Having mostly given up on his bizarre idea that Toronto should simply exile all its criminals, Mayor Rob Ford changed strategies this week. In response to concerns about escalating gun violence in the city, the mayor held sit-down meetings with both Premier Dalton McGuinty and Prime Minister Stephen Harper.
Both meetings were successful in that they were, in fact, meetings. There were politicians in suits and boardroom tables and, I assume, discussion about things. But when it comes to actually getting anything accomplished, these chit-chats seem to have amounted to nothing.
We don’t know a whole lot about the mayor’s meeting with Harper. Both politicians are notoriously secretive, and left without taking questions. Their tête-à-tête seemed to be more a symbolic nicety than anything else—a reminder to voters that these guys are both tough-talking conservatives who think the best approach to crime is to get tough on it. Maybe we’ll find out later that they agreed to do something significant. I doubt it.
The McGuinty meeting, on the other hand, has to stand as an abject failure for Ford. Prior to going to Queen’s Park, the mayor got himself all fired up describing his intentions via an interview on talk radio. As he put it—and, again, I promise this is a real quote: “I’m taking a very simplistic approach — money talks and b.s. walks and I’m not going to sit there and listen to some b.s. and some reports, and yada yada.” He said he would ask the premier for an extra $5 to $10 million in funding to put toward additional on-street officers.
But Ford walked out of the meeting with zero extra dollars for zero new officers. Instead, the premier used the opportunity to commit to continued provincial funding for Toronto’s TAVIS program. Ford heralded this as a victory, even though there had been no indication that the province wouldn’t renew their commitment. In other words: Ford got something that was probably going to happen anyway.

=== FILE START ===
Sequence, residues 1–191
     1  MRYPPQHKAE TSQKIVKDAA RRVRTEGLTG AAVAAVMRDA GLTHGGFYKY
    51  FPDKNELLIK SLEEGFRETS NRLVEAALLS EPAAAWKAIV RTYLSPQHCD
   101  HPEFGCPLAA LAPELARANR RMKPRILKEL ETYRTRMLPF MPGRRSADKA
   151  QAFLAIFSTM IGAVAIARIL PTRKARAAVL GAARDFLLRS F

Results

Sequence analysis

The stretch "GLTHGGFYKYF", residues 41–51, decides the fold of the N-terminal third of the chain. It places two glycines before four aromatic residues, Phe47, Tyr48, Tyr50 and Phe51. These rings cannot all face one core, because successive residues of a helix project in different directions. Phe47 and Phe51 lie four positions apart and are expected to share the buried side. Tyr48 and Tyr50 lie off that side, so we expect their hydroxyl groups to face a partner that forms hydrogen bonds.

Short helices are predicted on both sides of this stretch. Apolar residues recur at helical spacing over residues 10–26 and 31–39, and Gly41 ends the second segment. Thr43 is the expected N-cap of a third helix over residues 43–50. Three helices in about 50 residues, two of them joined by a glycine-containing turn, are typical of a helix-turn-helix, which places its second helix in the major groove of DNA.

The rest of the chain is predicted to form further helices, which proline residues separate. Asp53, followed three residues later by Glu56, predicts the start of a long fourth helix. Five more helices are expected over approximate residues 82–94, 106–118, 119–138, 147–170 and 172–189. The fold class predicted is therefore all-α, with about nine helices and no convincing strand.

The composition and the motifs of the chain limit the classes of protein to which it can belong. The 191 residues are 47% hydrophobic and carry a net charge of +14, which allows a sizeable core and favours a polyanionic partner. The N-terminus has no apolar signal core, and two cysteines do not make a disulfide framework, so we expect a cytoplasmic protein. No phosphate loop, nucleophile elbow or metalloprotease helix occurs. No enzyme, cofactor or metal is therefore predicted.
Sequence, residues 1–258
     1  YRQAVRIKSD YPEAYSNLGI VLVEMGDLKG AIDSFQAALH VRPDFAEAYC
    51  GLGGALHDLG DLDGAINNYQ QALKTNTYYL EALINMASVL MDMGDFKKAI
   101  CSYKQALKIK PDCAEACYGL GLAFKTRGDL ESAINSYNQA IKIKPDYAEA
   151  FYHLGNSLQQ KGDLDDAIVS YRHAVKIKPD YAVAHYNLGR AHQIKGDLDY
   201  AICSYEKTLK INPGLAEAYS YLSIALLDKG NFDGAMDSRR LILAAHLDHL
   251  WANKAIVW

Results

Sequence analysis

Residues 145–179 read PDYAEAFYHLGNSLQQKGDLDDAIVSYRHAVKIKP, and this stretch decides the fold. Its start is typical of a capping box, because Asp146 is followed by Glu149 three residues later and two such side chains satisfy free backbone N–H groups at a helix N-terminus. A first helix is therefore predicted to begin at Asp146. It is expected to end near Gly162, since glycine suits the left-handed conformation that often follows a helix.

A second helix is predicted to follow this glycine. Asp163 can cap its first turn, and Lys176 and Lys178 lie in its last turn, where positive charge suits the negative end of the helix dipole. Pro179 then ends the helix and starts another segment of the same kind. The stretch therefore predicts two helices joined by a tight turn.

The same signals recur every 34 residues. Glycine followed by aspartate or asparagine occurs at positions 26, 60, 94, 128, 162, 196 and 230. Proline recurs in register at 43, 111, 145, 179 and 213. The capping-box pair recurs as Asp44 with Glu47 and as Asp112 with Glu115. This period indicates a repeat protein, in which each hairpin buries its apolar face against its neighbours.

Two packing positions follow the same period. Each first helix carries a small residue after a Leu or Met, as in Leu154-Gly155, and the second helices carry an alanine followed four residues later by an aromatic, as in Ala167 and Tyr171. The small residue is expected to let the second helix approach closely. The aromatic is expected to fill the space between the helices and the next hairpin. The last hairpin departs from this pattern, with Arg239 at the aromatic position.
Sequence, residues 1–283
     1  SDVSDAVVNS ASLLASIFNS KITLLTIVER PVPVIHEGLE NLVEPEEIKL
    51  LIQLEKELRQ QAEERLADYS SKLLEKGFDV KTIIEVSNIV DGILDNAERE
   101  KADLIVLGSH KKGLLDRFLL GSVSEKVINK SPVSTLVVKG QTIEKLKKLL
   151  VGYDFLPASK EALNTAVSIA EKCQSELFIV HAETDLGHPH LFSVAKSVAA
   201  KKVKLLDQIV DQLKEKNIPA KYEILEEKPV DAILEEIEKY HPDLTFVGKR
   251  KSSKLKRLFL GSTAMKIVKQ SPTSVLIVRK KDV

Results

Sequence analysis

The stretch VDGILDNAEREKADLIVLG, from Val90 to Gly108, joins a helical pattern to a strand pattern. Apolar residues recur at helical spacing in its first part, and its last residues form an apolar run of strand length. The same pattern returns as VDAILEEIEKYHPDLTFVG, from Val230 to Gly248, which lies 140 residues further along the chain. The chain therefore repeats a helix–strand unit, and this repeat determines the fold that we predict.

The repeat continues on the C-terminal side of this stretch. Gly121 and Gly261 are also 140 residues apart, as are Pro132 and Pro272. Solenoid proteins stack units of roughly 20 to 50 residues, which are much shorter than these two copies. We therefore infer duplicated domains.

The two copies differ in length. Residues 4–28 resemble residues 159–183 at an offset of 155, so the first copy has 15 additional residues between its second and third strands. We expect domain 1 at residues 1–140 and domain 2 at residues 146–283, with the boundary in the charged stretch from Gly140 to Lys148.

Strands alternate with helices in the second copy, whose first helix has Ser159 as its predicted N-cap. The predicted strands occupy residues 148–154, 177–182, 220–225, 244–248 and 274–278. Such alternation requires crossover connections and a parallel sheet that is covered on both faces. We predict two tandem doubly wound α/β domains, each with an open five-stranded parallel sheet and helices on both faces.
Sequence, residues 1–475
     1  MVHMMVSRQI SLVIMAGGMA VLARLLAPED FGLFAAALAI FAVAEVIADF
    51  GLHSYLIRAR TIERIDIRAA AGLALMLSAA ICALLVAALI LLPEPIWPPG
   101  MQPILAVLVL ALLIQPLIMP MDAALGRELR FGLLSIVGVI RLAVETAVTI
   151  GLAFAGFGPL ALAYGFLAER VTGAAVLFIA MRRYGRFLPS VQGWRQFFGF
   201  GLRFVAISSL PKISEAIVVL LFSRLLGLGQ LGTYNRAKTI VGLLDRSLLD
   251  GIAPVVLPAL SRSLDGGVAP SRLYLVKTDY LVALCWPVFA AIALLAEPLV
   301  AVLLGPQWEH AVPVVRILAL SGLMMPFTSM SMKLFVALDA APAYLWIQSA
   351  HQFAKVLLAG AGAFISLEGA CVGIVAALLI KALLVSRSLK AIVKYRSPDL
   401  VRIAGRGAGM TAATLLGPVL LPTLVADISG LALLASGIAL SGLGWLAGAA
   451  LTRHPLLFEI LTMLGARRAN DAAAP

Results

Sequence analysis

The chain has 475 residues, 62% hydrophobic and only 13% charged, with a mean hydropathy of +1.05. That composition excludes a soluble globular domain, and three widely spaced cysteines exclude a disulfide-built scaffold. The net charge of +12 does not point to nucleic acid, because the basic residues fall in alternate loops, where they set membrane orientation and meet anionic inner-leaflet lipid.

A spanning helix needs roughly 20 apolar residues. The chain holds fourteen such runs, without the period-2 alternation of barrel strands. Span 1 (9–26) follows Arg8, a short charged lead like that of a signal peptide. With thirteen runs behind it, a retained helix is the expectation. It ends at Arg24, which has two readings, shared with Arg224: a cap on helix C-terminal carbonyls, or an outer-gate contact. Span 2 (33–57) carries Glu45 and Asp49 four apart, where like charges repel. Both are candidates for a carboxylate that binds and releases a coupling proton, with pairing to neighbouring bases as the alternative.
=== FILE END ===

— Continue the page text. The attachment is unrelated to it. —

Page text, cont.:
McGuinty also announced that he was redirecting some money toward social programs, something Ford had previously opposed. More importantly, he told Ford that he hoped to see Toronto bring some municipal money to the table as part of a coordinated strategy against violence.
According to the premier, Ford said he’d think about it. Don’t hold your breath.
With both meetings out of the way, Ford’s next steps are unclear. He remains way out of his depth on this issue and his office has struggled to find effective messaging. They’ve even struggled to find messaging that adheres to the bounds of logic and reason.
Aside from that, these meetings make it obvious just how badly the mayor has screwed himself over with his divisive, burn-all-the-bridges approach to governing. Ford is now destined to appear incredibly weak when dealing with the other levels of government, particularly at the provincial level. The premier knows that Ford doesn’t speak for Toronto City Council and can’t win most votes on the floor. The real authority at the municipal level lies with a disparate group of councillors who aren’t scheduled to meet again until October.
Still, if there’s a silver lining to the mayor’s ineffective bumbling, it’s this: knee-jerk political reactions to high-profile violent incidences are rarely a good idea. Doing nothing—which Ford excels at—may give the city time to build perspective on the realities of gun violence in Toronto. From there, council can have a more reasoned debate about funding for both the police and social programs as part of the next round of budget talks.
But that’s not an easy perspective to cling to, especially as shooting statistics continue to add up this summer. You know what would be even better? A leader who could actually lead.